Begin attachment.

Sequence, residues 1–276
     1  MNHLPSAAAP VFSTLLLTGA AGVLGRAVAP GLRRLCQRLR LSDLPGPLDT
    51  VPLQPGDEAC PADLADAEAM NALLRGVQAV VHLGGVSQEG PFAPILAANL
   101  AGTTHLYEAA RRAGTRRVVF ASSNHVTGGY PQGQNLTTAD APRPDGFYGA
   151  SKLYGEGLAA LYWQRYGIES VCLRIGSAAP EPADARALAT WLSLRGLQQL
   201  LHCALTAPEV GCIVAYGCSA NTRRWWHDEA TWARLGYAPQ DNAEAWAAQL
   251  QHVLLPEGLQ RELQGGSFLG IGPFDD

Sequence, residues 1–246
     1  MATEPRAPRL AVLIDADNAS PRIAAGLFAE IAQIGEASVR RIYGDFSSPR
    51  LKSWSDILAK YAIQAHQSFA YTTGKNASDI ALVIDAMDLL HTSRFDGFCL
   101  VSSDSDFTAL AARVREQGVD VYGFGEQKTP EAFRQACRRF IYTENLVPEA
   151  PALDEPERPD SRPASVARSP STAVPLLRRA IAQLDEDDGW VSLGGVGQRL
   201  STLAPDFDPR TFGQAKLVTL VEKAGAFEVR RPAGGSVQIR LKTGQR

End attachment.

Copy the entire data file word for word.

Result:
Sequence, residues 1–276
     1  MNHLPSAAAP VFSTLLLTGA AGVLGRAVAP GLRRLCQRLR LSDLPGPLDT
    51  VPLQPGDEAC PADLADAEAM NALLRGVQAV VHLGGVSQEG PFAPILAANL
   101  AGTTHLYEAA RRAGTRRVVF ASSNHVTGGY PQGQNLTTAD APRPDGFYGA
   151  SKLYGEGLAA LYWQRYGIES VCLRIGSAAP EPADARALAT WLSLRGLQQL
   201  LHCALTAPEV GCIVAYGCSA NTRRWWHDEA TWARLGYAPQ DNAEAWAAQL
   251  QHVLLPEGLQ RELQGGSFLG IGPFDD

Sequence, residues 1–246
     1  MATEPRAPRL AVLIDADNAS PRIAAGLFAE IAQIGEASVR RIYGDFSSPR
    51  LKSWSDILAK YAIQAHQSFA YTTGKNASDI ALVIDAMDLL HTSRFDGFCL
   101  VSSDSDFTAL AARVREQGVD VYGFGEQKTP EAFRQACRRF IYTENLVPEA
   151  PALDEPERPD SRPASVARSP STAVPLLRRA IAQLDEDDGW VSLGGVGQRL
   201  STLAPDFDPR TFGQAKLVTL VEKAGAFEVR RPAGGSVQIR LKTGQR